Lots going on this week in the wonderful world of the Internet:
- Stuxnet is a hero.
- WikiLeaks is a villain.
- The New York Times is complicit as it continues to give aid and comfort.
- And as usual, the Department of Homeland Security thinks it is making us “safer and more secure“.
Can they do this without congressional authorization?
COICA, the Combating Online Infringement and Counterfeits Act, a bill that the Senate Judiciary Committee last week unanimously approved (see the list of Senators in favor here), giving Attorney General Eric Holder the right to shut down websites with a court order if copyright infringement is deemed “central to the activity” of the site – regardless if the website has actually committed a crime.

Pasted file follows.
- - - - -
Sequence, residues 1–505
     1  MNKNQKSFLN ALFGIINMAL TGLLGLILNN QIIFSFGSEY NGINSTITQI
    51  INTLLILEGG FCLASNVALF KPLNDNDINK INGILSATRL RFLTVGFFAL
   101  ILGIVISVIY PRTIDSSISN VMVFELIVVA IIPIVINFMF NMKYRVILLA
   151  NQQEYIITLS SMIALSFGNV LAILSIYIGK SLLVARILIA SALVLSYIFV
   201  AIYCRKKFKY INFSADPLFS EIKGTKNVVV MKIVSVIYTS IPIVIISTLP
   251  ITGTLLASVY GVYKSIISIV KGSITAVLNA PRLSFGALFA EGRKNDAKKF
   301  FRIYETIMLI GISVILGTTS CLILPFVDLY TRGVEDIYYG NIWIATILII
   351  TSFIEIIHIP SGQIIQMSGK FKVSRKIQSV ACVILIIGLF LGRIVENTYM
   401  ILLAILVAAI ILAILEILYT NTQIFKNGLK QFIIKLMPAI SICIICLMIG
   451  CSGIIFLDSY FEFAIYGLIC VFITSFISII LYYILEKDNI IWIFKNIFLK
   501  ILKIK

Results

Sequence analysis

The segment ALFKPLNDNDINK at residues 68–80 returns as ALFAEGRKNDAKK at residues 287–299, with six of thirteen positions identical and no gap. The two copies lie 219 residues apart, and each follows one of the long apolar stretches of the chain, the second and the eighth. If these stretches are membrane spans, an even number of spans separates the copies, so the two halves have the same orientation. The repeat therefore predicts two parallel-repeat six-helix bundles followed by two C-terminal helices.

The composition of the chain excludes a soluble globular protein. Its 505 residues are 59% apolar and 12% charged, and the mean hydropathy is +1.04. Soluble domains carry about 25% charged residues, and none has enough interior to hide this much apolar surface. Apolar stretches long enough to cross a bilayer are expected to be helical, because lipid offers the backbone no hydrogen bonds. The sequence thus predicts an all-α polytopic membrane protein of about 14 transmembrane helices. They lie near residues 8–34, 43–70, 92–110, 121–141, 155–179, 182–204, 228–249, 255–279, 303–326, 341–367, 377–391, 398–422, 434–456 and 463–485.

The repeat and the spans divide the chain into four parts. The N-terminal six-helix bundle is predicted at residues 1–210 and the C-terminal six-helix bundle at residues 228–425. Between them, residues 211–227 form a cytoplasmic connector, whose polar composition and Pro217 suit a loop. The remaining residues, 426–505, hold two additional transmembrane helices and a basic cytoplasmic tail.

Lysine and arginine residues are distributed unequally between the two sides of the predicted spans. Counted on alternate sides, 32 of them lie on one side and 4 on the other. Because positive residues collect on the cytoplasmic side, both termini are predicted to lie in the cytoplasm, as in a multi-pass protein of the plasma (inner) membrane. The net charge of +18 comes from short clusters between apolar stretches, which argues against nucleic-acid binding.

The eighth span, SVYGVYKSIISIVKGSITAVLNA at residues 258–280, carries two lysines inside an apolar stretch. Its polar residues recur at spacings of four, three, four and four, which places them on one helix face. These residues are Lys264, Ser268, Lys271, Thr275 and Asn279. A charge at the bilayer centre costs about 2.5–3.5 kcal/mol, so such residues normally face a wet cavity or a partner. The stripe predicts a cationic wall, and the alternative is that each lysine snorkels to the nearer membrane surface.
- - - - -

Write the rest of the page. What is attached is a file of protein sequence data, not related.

Over the Thanksgiving weekend, the Department of Homeland Security’s U.S. Immigrations and Customs Enforcement agency didn’t wait for Congress, seizing domain names from a group of over 70 copyright infringing websites and leaving behind an ominous looking message from Homeland Security.
In a published report on Sunday, Tech Crunch wrote that Market Ticker’s Karl Denninger reported that the websites themselves and the servers they run on have not actually been seized, just the domains.
“That’s a lot of staff attorney time and trouble to get a big fat nothing out of it, which is exactly what they get going down this road,” writes Denninger. “Why? Because all they can do is redirect the domain pointers which will do exactly nothing when the sites re-register under a top-level domain not under the U.S. government’s jurisdiction – and there are lots of them.”